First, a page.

rape culture

This recent Rolling Stone arti­cle about rape at the Uni­ver­si­ty of Vir­ginia is pret­ty upset­ting.

It’s just the lat­est in a string of hor­ror sto­ries over the past year about rape cul­ture, lack of empa­thy and denial, both gen­er­al­ly and on Amer­i­can cam­pus­es in par­tic­u­lar.  It seems hard to sep­a­rate the bru­tal­i­ty in the frat house, stu­dents’ misog­y­nis­tic ideas about social hier­ar­chy, neg­li­gence and mis­han­dling of com­plaints by cam­pus secu­ri­ty, and a sweep­ing-under-the-rug atti­tude by PR-mind­ed admin­is­tra­tors.  This is a per­va­sive val­ues prob­lem. As the arti­cle notes,

UVA’s empha­sis on hon­or is so pro­nounced that since 1998, 183 peo­ple have been expelled for hon­or-code vio­la­tions such as cheat­ing on exams. And yet para­dox­i­cal­ly, not a sin­gle stu­dent at UVA has ever been expelled for sex­u­al assault.

My first response was to try to pin the hor­ror safe­ly on the South.  The data, how­ev­er, don’t coop­er­ate.

A search for “rape at Princeton”—my alma mater, safe­ly up north and recent­ly ranked #1 in under­grad­u­ate edu­ca­tion for the nth time by US News and World Report—turns up an offi­cial fig­ure of 5 rapes on cam­pus last year.  Maybe that doesn’t sound so bad; it’s low­er than the CDC’s esti­mate of rape inci­dence in the US over­all (about 1/1000 of the pop­u­la­tion per year).  But how real is this fig­ure?  It seems that the same Title IX inves­ti­ga­tion now dig­ging into mis­han­dling of sex­u­al vio­lence com­plaints at UVA is also tar­get­ing Prince­ton, along with more than 50 oth­er Amer­i­can uni­ver­si­ties.  I’ve put the com­plete list at the bot­tom of this post, for the inter­est­ed.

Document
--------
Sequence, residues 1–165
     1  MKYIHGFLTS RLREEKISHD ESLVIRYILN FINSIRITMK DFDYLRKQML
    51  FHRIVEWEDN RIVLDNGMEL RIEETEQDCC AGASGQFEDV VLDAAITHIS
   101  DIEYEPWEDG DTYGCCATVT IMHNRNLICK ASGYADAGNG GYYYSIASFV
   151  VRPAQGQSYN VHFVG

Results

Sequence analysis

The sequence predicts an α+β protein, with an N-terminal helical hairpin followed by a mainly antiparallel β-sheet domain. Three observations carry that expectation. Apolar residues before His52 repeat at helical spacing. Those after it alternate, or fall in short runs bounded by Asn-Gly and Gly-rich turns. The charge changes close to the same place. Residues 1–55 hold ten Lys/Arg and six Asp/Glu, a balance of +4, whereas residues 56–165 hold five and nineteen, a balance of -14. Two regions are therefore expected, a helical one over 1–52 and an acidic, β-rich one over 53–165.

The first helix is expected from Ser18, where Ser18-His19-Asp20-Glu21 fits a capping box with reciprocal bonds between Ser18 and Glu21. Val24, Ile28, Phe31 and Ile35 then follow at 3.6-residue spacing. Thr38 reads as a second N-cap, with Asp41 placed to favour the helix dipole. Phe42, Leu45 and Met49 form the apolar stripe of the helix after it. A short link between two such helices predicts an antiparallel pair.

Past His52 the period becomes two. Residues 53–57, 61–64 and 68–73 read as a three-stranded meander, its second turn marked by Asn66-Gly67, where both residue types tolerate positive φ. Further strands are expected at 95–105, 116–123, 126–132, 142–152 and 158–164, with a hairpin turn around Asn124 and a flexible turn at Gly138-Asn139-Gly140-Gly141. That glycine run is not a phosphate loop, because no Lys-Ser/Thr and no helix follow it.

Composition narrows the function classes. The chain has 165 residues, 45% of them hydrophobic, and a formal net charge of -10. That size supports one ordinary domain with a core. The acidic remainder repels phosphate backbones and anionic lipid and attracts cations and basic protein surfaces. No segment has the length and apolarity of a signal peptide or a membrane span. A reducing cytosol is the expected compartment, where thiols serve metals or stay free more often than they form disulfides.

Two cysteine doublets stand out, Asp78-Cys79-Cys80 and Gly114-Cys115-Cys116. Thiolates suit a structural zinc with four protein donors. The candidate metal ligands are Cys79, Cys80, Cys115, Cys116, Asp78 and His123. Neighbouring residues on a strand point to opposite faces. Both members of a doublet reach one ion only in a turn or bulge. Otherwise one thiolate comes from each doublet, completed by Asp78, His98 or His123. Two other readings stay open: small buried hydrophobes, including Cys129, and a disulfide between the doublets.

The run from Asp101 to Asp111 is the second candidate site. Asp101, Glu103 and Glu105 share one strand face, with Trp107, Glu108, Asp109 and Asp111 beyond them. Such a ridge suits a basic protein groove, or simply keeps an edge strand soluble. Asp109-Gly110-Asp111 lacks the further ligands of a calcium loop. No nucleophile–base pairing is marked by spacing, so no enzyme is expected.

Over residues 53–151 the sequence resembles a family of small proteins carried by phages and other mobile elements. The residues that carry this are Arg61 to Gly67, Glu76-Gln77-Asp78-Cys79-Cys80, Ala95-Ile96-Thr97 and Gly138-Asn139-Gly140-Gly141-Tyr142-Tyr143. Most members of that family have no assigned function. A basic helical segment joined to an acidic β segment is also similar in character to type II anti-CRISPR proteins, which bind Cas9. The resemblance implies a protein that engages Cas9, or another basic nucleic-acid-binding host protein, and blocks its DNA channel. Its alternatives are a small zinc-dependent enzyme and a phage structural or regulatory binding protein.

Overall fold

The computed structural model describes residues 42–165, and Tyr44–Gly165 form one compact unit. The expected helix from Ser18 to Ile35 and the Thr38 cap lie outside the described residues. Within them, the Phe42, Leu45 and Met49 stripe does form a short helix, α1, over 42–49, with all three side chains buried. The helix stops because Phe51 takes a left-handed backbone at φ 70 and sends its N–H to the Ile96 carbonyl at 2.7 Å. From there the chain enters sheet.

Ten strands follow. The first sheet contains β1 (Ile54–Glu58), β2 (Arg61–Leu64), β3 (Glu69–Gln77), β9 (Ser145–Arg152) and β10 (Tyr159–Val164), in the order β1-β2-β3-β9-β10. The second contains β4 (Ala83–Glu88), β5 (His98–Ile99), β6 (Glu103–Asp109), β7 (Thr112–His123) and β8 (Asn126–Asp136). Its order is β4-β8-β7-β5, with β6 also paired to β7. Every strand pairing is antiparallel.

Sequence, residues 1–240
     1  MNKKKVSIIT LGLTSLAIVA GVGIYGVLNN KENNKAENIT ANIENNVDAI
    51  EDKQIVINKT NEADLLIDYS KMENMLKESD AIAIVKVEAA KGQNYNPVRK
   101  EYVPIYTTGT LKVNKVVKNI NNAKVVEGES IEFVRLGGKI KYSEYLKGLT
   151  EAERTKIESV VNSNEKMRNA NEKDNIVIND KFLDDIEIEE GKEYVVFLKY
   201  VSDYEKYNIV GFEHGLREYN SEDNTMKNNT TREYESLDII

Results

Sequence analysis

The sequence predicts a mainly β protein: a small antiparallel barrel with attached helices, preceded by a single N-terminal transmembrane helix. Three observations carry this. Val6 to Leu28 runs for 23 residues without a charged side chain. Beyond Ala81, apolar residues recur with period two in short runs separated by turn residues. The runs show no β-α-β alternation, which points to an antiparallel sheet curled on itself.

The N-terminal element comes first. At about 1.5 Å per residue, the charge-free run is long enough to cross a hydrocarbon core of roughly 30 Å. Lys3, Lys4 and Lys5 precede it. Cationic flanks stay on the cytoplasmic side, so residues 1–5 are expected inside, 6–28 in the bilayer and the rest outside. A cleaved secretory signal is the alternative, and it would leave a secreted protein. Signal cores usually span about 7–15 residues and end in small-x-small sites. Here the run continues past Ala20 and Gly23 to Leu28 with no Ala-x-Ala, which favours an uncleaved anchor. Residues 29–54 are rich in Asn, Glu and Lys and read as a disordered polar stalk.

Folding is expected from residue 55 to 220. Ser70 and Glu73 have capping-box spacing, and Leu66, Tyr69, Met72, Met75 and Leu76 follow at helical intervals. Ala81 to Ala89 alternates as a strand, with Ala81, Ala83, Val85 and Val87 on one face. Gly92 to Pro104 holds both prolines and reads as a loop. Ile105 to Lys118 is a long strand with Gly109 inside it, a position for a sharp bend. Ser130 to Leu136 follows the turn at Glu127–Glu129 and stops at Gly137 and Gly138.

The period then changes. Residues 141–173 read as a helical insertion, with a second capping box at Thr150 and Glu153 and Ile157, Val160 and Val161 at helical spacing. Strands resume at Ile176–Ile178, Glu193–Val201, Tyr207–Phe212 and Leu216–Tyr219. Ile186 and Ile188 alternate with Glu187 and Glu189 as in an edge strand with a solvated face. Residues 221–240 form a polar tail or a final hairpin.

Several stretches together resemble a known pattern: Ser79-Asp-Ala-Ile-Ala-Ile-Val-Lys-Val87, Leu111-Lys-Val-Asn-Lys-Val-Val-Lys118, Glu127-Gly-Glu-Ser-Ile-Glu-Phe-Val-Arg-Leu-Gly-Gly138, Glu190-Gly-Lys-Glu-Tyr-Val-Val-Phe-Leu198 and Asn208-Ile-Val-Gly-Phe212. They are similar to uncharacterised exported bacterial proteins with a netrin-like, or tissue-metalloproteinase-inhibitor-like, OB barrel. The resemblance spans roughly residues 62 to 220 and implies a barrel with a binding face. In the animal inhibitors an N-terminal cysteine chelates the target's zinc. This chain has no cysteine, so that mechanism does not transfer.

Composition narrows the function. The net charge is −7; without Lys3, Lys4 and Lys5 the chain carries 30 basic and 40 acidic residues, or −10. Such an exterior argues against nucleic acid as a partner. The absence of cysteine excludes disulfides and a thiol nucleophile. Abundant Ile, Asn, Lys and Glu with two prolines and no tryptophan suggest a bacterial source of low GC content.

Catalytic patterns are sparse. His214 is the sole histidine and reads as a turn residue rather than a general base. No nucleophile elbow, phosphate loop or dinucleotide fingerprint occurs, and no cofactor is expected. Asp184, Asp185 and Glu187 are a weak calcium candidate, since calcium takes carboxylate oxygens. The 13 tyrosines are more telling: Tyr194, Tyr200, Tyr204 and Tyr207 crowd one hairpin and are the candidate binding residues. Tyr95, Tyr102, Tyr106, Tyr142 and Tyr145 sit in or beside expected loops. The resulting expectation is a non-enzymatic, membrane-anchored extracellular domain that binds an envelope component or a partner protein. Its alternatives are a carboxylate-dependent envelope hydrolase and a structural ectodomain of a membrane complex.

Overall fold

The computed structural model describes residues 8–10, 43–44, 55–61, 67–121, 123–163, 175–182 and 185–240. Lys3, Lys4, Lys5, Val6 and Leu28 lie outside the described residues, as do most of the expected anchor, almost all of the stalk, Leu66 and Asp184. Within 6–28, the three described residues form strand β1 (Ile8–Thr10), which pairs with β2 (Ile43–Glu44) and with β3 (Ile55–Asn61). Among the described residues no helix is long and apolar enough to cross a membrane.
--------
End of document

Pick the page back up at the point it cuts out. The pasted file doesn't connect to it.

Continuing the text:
I don’t know for sure why Prince­ton is on this list, but a piece in Jezebel from ear­li­er this year might sup­ply a clue.  It describes a rape sur­vey report con­duct­ed in 2008, which the Uni­ver­si­ty tried to bury, con­clud­ing that

One in six female Prince­ton under­grad­u­ates said they expe­ri­enced “non-con­sen­su­al vagi­nal pen­e­tra­tion” dur­ing their time at the Uni­ver­si­ty.

Sounds like rape to me—if nar­row­ly defined.  Assum­ing four years at col­lege and a stu­dent body of 5000 with the gen­ders even­ly split, that would amount to over 100 rapes per year.  Could this num­ber have gone down by a fac­tor of 20 between 2008 and 2014?  Real­ly?